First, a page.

But Sunday was cold. Rather than take Kokonutz out for a stroll, Janette said she simply let her pet out the back door to do its doggy duty.

A bit later she looked out the window, saw the hawk swoop in, and ran out to help.

Luckily, hawk gone, Kokonutz seems not to suffer from post-traumatic stress disorder -- no trembling, no anxious looks skyward, no aversion to PBS nature documentaries.

"She's fine,'' Janette said.

Ordinarily, even big red-tailed hawks -- which at about 3 pounds, weigh a little less than the average chihuahua -- do not try to take domestic pets. They aim for smaller game.

But Laura Simon, field director of urban wildlife for the Humane Society of the United States, said Connecticut has been cold and has had a lot of snow cover on the ground. A red-tails' usual fare -- squirrels, chipmunks, mice -- might hunker down on such days.

"It's fairly unusual,'' Simon said of the dog-hawk confrontation. "But hawks and owls are extra hungry right now. This might have been a very hungry bird.''

"It could have been a young bird,'' she said. "Hawks don't usually try to take things that big.''

But Simon said people have to realize there's wildlife in the suburbs that really is wild. The same people who love seeing chickadees and finches flock to their bird feeders are appalled when a sharp-shinned hawk makes a raid, trying to snatch one of those songbirds.

"But for a hawk, that's a bird buffet,'' she said.

The same holds for owners of small pets in winter, when game gets scarce for raptors.

"People think dogs are off limits to hawks, but squirrels are OK,'' she said. "A hawk doesn't know the difference. This time of year, when you let your animals outside, supervise them.''



Operation Chihuahua

via ASPCA:

On January 6, the ASPCA Adoption Center welcomed 15 Chihuahuas who flew from California to the Big Apple in search of new forever homes. The dogs originated from the City of San Francisco Animal Care & Control, and their in-cabin transportation was donated by Virgin Airlines. After some post-travel rest and relaxation, the tiny pups will be made available for adoption next week at the ASPCA in Manhattan.

Over the past year, California shelters have seen a dramatic increase in Chihuahua intakes—this toy breed now makes up more than 30% of the state’s shelter dog population. While demand for Chihuahuas has declined in much of the Golden State, their popularity in New York City is as high as ever.

"They're portable, and people like portability in the city," said Gail Buchwald, Senior Vice President for the ASPCA Adoption Center in New York City. Aside from easily fitting in a carrier for a subway ride, their small size is ideal for living in compact apartments.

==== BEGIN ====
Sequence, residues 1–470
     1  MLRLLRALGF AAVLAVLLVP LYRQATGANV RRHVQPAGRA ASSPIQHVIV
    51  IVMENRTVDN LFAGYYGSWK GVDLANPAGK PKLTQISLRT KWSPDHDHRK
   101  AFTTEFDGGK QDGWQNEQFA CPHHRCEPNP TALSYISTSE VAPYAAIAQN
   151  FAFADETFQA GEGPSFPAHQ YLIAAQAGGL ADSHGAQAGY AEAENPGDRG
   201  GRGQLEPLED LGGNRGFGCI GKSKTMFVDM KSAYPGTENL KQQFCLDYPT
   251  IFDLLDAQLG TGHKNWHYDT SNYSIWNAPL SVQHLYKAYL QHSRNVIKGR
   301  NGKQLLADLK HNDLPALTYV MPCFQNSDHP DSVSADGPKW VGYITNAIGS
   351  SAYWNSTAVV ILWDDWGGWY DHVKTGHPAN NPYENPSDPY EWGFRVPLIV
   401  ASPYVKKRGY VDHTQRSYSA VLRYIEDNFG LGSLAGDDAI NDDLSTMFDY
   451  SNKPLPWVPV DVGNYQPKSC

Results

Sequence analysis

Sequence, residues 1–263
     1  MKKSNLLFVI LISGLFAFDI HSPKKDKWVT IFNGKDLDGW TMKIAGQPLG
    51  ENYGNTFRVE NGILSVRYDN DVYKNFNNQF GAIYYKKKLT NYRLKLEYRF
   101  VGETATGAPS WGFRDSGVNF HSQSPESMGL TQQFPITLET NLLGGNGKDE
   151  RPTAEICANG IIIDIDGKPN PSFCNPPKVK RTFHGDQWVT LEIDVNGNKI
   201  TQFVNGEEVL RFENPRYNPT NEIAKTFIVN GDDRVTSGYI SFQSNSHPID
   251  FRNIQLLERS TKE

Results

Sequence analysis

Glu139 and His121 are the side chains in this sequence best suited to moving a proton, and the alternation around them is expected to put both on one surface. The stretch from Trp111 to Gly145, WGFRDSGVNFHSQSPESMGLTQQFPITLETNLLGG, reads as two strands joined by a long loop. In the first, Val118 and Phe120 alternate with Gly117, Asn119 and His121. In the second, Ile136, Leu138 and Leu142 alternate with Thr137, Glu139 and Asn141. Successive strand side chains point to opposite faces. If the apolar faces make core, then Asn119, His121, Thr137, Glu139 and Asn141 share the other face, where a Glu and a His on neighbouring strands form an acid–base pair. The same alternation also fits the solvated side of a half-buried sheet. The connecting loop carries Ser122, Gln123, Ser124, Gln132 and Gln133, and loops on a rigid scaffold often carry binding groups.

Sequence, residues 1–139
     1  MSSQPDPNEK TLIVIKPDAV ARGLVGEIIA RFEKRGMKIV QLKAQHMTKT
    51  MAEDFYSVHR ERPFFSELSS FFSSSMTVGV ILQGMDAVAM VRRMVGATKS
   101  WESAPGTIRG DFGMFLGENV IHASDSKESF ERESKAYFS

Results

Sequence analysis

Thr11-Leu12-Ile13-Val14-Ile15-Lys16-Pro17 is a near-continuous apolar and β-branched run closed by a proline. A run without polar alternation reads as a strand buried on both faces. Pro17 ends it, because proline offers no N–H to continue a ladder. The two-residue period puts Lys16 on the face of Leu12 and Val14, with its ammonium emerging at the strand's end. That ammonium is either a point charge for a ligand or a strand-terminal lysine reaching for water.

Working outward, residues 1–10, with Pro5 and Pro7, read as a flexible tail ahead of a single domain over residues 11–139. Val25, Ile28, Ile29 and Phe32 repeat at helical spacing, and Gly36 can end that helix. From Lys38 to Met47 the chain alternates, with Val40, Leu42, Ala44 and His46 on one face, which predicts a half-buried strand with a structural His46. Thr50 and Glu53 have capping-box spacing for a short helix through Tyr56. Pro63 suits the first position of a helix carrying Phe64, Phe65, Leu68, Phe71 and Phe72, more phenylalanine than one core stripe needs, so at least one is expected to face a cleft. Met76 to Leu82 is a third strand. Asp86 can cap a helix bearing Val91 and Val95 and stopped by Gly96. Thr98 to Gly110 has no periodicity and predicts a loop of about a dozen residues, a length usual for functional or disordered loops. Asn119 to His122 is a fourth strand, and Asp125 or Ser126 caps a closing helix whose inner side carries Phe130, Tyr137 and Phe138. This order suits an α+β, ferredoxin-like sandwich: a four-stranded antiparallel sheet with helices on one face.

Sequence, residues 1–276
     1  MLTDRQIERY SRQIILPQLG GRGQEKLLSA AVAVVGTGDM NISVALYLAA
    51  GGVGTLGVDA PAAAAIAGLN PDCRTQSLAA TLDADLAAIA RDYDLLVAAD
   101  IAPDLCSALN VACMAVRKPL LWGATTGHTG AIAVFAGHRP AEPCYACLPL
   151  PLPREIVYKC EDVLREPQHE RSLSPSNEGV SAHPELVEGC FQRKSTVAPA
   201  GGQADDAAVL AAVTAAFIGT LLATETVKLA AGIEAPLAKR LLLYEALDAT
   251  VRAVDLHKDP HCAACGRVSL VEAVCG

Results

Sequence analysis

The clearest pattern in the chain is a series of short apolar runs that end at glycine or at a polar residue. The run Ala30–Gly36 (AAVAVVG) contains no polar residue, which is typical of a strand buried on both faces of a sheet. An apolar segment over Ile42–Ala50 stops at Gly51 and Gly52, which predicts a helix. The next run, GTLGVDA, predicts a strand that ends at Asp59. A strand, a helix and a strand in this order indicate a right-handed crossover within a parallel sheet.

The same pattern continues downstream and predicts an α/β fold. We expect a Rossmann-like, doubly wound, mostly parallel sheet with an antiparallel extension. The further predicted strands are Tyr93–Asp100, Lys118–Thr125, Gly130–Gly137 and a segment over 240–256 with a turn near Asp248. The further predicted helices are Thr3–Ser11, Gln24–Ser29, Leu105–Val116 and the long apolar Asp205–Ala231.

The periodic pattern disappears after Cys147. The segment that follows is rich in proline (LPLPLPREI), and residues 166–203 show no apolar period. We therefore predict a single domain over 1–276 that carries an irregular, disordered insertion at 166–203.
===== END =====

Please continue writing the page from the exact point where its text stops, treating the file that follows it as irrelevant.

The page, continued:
Gail adds: “We are glad to be given this opportunity to help New Yorkers get the small dogs they want, and at the same time, help find loving homes for San Francisco’s homeless animals.”

The dogs will be available for viewing at the ASPCA Adoption Center on Wednesday, January 13, between the hours of noon and 7:00 P.M. Adoption fees will range from $75 to $200, and include all medical and behavioral treatments, vaccinations, spay/neuter surgery and a microchip.

For additional information, please visit or call our special “Operation Chihuahua” hotline at (212) 876-7700, ext. 3210.



A Good Thing

I came across this wonderful person and wanted you to know about her work.

They do some fundraising and have art auctions to benefit the new shelter.

They started with one person, so keep that in mind when you read the following stats:
This year in a nutshell, has been our most AMAZING ever...

I'm still wondering how we did, what we've done.

The sleepless nite, the non stop round the clock, care, cleaning, etc..

All pays off & we have saved 611 dogs this year & 42 cats.

If you have time, maybe you can go see what she's about. Pass it along.



A Movie About Katrina Pets: Mine, by Geralyn Pezanoski

I have not seen this film and I don't know if I will. I get my full dose of dogs in bad situations from volunteering at a shelter (and one that allows us to dote over them). But I want to pass this along. After Hurricane Katrina, and the terrible situation that ensued (and before, when people ought to have been evacuated), thousands of pets were left to fend for themselves. I can tell you with complete seriousness, there is no way I could have left my dog, and it's likely a people rescue person would have had to chase me around getting me to leave.  But that's neither here nor there, and I wasn't in those people's shoes. My heart ached then, and now, when I think of it.

An interesting thing has taken place. With the online sites like Petfinder, where you can find thousands of dogs or cats that you can choose from to adopt, people began searching for their own pets after they made it to safety. In numerous cases, it seems, people who rescued them or those who adopted them, and who have held onto them for many months or even a year or two, aren't so willing to give them up again.  So here we have more people speaking up for various pets than there are pets. I would not have imagined such a problem. I feel terrible for all involved. This film speaks to the whole issue.



Monday, January 11, 2010

You Sure That Fur Is Fake?

I one time called a company to ask them a question about a product.  It was a fur lined item and I asked what kind of fur it was. The young lady said "Mongolian fur."  I said what kind of animal does that come from?  She said "it's Mongolian fur." I explained that a Mongolian was not an animal, and I mentioned that they might want to be prepared for other people asking them whether the fur was real or fake.

That converstion didn't do much but befuddle a young sales rep, but it does make me sit up and take notice of the kind of stats that are listed below.

via the Animal Rescue Site: